Computational homogenisation and solution strategies for phase-field fracture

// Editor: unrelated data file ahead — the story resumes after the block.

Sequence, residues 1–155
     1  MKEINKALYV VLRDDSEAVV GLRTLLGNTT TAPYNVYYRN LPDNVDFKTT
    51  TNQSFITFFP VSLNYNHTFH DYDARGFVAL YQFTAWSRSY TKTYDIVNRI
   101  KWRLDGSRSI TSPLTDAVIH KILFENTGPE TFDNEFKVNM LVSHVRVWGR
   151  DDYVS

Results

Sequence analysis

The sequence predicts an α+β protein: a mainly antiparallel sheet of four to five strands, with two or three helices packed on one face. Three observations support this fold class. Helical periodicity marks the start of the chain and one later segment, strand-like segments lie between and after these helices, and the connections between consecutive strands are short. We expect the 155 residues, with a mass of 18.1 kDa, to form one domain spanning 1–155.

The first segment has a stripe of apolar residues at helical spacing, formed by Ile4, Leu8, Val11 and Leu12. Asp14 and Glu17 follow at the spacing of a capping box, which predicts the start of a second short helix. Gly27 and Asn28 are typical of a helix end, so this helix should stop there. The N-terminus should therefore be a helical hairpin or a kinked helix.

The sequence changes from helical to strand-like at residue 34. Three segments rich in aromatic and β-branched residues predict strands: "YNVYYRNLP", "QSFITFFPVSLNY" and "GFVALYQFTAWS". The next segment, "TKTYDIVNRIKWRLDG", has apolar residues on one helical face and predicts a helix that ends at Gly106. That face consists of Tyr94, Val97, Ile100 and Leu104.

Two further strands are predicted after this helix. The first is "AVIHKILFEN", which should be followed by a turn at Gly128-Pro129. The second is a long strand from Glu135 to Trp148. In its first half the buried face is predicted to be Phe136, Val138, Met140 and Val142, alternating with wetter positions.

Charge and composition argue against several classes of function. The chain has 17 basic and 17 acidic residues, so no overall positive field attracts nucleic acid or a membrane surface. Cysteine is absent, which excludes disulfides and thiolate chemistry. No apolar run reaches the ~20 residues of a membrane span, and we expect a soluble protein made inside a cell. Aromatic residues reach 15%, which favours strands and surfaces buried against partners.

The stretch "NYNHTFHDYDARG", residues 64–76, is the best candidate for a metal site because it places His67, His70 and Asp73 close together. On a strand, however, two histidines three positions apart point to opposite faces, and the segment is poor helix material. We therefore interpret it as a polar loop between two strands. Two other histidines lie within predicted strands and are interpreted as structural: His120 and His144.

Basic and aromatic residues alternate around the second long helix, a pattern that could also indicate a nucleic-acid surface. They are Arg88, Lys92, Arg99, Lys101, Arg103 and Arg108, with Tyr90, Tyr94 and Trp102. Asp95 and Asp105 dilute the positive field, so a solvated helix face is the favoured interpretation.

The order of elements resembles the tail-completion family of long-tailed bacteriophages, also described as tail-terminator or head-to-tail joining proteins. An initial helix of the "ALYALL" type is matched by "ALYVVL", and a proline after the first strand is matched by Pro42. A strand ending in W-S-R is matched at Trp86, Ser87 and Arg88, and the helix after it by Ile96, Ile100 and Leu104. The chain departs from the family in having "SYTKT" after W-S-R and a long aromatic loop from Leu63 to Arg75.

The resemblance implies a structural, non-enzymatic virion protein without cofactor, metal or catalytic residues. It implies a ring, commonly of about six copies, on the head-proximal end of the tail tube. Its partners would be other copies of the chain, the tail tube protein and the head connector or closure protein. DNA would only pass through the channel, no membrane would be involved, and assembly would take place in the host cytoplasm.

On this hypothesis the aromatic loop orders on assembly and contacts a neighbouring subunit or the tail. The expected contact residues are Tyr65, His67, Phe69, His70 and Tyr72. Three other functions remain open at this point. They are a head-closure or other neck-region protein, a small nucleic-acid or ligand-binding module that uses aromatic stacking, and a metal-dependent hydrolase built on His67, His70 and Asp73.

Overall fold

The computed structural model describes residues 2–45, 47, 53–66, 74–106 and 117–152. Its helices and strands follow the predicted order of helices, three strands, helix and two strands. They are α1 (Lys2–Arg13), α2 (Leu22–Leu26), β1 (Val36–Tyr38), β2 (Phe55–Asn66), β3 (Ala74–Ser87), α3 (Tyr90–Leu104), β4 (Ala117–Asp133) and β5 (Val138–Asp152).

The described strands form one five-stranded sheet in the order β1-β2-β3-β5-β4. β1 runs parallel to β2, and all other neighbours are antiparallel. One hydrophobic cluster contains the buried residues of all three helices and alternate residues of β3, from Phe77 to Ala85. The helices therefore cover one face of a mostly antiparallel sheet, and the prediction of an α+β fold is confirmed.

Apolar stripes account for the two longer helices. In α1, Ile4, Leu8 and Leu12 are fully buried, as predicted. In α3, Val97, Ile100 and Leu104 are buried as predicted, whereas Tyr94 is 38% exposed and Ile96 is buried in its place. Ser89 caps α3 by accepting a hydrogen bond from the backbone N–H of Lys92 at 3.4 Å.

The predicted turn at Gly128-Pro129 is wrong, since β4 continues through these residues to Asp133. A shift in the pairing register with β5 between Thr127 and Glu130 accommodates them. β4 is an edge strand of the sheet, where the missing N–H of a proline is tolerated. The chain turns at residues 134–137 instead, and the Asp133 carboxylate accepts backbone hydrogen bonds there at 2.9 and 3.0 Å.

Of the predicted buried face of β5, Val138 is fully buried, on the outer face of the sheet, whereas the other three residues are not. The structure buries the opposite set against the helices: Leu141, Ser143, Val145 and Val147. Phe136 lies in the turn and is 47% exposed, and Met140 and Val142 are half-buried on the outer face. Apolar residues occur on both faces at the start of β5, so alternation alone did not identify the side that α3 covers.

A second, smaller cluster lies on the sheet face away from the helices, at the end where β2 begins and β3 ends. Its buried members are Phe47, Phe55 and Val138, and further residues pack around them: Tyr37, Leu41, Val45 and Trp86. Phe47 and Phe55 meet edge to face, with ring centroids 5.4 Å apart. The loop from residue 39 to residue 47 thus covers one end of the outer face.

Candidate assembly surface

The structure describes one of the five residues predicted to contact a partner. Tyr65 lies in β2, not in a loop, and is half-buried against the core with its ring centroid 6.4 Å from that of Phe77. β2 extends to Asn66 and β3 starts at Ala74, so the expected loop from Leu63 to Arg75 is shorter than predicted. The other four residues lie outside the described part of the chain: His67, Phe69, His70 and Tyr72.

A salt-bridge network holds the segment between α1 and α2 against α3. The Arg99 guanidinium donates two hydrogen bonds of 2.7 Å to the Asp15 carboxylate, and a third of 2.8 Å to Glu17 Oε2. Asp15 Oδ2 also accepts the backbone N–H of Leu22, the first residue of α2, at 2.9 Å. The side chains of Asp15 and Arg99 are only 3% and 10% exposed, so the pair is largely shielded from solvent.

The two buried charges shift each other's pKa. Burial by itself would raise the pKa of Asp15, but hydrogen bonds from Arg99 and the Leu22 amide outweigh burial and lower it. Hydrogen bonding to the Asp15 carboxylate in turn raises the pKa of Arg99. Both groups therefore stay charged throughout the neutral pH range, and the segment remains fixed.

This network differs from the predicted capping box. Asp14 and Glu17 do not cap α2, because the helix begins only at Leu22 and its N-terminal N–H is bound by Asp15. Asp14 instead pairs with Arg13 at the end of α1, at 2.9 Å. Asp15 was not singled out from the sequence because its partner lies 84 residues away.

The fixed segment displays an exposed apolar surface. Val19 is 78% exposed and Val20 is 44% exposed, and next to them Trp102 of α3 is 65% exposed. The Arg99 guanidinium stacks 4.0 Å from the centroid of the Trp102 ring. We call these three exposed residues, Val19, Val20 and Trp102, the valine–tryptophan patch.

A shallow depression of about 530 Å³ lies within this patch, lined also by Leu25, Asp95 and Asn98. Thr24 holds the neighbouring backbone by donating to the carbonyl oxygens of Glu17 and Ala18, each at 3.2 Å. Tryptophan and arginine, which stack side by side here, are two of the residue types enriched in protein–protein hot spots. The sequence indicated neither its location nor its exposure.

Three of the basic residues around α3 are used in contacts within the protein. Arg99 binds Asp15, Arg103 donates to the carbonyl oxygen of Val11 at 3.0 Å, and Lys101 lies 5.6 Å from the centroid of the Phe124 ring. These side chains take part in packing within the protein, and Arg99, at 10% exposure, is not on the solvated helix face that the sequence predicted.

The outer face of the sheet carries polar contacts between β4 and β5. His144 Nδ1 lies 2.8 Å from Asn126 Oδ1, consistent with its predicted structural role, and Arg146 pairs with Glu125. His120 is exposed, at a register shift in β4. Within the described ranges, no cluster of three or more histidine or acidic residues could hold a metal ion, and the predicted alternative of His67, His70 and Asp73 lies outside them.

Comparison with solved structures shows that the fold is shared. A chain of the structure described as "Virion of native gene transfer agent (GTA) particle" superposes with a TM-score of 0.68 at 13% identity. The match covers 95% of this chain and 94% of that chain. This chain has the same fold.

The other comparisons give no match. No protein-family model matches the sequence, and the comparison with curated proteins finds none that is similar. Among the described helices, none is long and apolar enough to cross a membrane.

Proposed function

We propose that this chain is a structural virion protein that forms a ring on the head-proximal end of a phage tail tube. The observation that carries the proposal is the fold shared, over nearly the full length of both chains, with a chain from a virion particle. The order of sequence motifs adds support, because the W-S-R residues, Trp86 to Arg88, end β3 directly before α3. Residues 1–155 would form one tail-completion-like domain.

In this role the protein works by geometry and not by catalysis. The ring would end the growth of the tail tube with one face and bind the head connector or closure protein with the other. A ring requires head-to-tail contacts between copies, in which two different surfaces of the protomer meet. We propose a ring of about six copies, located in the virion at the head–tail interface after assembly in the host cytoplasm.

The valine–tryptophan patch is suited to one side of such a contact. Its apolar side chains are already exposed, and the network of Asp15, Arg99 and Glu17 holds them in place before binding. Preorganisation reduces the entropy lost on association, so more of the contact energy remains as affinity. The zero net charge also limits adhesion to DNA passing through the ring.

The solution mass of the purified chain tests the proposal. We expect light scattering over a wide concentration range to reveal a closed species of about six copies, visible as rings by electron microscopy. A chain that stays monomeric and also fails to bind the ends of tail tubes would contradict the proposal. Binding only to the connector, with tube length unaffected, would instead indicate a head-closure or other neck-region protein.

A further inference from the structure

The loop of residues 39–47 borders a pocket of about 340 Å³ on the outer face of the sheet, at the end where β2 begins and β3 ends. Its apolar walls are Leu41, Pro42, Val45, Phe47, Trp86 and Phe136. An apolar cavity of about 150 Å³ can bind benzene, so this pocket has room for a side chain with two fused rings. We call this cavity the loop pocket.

Abstract: The computational modelling of fracture not only provides a deep insight into the underlying mechanisms that trigger a fracture but also offers information on the post-fracture behaviour (e.g., residual strength) of engineering materials and structures. In this context, the phase-field model for fracture is a popular approach, due to its ability to operate on fixed meshes without the need for explicit tracking of the fracture path, and the straight-forward handling of complex fracture topology. Nevertheless, the model does have its set of computational challenges viz., non-convexity of the energy functional, variational inequality due to fracture irreversibility, and the need for extremely fine meshes to resolve the fracture zone. In the first part of this thesis, two novel methods are proposed to tackle the fracture irreversibility, (i) a micromorphic approach that results in local irreversibile evolution of the phase-field, and (ii) a slack variable approach that replaces the fracture irreversibility inequality constraint with an equivalent equality constraint. Benchmark problems are solved using a monolithic Newton-Raphson solution technique to demonstrate the efficiency of both methods. The second aspect addressed in this thesis concerns multi-scale problems. In such problems, features such as the micro-cracks are extremely small (several orders of magnitude) compared to the structure itself. Resolving these features may result in a prohibitively computationally expensive problem. In order to address this issue, a computational homogenisation framework for the phase-field fracture is developed. The framework allows the computational of macro (engineering)-scale quantities using different homogenising (averaging) approaches over a microstructure. It is demonstrated that, based on the choice of the homogenisation approaches, local and non-local macro-scale material behaviour is obtained.
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